Re: [DNSOP] DNSSEC threshold signatures idea

Hugo Salgado-Hernández <hsalgado@nic.cl> Thu, 06 September 2018 19:22 UTC

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Date: Thu, 6 Sep 2018 16:22:09 -0300
From: Hugo =?iso-8859-1?Q?Salgado-Hern=E1ndez?= <hsalgado@nic.cl>
To: Steve Crocker <steve@shinkuro.com>
Cc: dnsop <dnsop@ietf.org>, dns-operations@dns-oarc.net, Mukund Sivaraman <muks@mukund.org>
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Subject: Re: [DNSOP] DNSSEC threshold signatures idea
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On 15:08 06/09, Steve Crocker wrote:
> How do you prevent compromise of the central service?
> 

For the initial setup a physical ceremony is necessary,
to check there's no extra subkeys and for secure transmision
of them. But afterwards there's no need. Each node can check
the final signature validates with the public key (just like
a normal signature), and the plain data should be public
(DNSKEY rrset).

In this same first ceremony you can also share simmetric
keys for the secure transmission of data and signature
pieces.

The system is fault-tolerant as a subset of nodes can fail
and the signing process can be completed, and you can
detect faked sub-signatures.

Hugo

> Steve
> 
> 
> On Thu, Sep 6, 2018 at 3:02 PM, Hugo Salgado-Hernández <hsalgado@nic.cl>;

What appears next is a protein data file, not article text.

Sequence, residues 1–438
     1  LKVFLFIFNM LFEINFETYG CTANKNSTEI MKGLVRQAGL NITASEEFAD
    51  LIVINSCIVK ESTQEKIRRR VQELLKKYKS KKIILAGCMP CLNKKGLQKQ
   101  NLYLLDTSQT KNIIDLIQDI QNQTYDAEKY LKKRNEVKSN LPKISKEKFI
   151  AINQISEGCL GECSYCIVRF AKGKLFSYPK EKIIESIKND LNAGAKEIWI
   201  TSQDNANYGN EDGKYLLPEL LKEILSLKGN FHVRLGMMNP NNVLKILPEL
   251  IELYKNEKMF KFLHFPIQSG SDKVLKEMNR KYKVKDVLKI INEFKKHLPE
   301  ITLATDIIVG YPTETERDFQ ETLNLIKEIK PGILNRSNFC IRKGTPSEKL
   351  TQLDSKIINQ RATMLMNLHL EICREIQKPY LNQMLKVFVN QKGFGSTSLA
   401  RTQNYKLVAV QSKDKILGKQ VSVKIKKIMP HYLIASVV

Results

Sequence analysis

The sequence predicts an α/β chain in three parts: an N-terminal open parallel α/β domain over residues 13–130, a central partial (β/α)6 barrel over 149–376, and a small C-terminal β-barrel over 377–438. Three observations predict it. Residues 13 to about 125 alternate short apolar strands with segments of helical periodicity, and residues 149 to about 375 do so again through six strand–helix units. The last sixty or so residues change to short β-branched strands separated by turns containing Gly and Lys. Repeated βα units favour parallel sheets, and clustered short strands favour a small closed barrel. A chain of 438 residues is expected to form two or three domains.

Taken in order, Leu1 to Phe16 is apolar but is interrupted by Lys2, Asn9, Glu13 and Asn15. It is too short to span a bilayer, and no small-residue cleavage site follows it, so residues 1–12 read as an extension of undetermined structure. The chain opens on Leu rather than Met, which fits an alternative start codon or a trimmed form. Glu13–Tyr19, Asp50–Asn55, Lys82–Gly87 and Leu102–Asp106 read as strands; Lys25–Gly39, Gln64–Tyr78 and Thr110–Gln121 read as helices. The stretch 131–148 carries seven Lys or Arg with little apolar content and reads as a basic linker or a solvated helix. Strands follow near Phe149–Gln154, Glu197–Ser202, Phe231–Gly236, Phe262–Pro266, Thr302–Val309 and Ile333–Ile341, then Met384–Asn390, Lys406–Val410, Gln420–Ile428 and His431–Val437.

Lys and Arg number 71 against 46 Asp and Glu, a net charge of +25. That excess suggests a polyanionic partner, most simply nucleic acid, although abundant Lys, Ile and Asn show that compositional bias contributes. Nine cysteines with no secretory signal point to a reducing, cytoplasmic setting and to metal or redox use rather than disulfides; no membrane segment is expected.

> wrote:
> 
> > On 23:19 06/09, Mukund Sivaraman wrote:
> > > On Thu, Sep 06, 2018 at 02:34:12PM -0300, Hugo Salgado-Hernández wrote:
> > > > Hi Mukund.
> > > > I talked about this to Davey in Montreal. There's an implementation
> > > > in github[1] and presentations in OARC[2] and ICANN[3].
> > >
> > > Aha so you're the original source :)
> > >
> > > > I'm not sure if its being used right now in a live zone, but certainly
> > > > in labs and testing. There's been some interests with academic
> > > > institutions, but don't think they're ready yet.
> > > >
> > > > We've been trying to focus this technology as a "poor-man" HSM, as
> > > > having similar security features without buying an expensive HW.
> > > > But I think the root and similar high-value zones will benefit for
> > > > having an split of the private key AND the fact of not needing a
> > > > "root key ceremony" to sign, because you can sign remotely with
> > > > each piece of the private key, and transmit the "signature pieces"
> > > > to a central place.
> > > >
> > > > Hugo
> > > >
> > > > [1] https://github.com/niclabs/docker/tree/master/tchsm
> > > > [2] <https://indico.dns-oarc.net/getFile.py/access?contribId=
> > 22&sessionId=3&resId=1&materialId=slides&confId=20>
> > > > [3] <http://buenosaires48.icann.org/en/schedule/wed-dnssec/
> > presentation-dnssec-cryptographic-20nov13-en>
> > >
> > > So this's implemented as a PKCS 11 provider.. interesting. In my mind I
> > > was thinking along the lines of updates to dnssec-keygen +
> > > dnssec-signzone + intermediate RRSIG representation using new RR type +
> > > zone transfers to share intermediate effects.
> >
> > In our implementation you'll need a central "orchestrator" who
> > creates the first key and split the private pieces to each
> > signing node. This same orchestrator later send signature
> > requests to each node, collect the signature pieces and
> > defines the "consensus" of M/N. Finally, there's an PKCS11
> > interface between this orchestrator and the zone signing
> > policy machinery (OpenDNSSEC in our setup).
> >
> > Hugo
> >
> >
> > _______________________________________________
> > DNSOP mailing list
> > DNSOP@ietf.org
> > https://www.ietf.org/mailman/listinfo/dnsop
> >
> >

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